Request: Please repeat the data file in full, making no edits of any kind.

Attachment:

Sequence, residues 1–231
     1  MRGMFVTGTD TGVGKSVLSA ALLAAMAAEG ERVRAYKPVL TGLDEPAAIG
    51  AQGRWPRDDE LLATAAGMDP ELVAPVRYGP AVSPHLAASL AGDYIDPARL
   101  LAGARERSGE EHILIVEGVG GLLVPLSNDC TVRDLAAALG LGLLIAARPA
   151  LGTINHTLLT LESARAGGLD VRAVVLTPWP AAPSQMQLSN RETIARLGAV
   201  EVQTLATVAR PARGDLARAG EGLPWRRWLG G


Sequence, residues 1–231
     1  MRGMFVTGTD TGVGKSVLSA ALLAAMAAEG ERVRAYKPVL TGLDEPAAIG
    51  AQGRWPRDDE LLATAAGMDP ELVAPVRYGP AVSPHLAASL AGDYIDPARL
   101  LAGARERSGE EHILIVEGVG GLLVPLSNDC TVRDLAAALG LGLLIAARPA
   151  LGTINHTLLT LESARAGGLD VRAVVLTPWP AAPSQMQLSN RETIARLGAV
   201  EVQTLATVAR PARGDLARAG EGLPWRRWLG G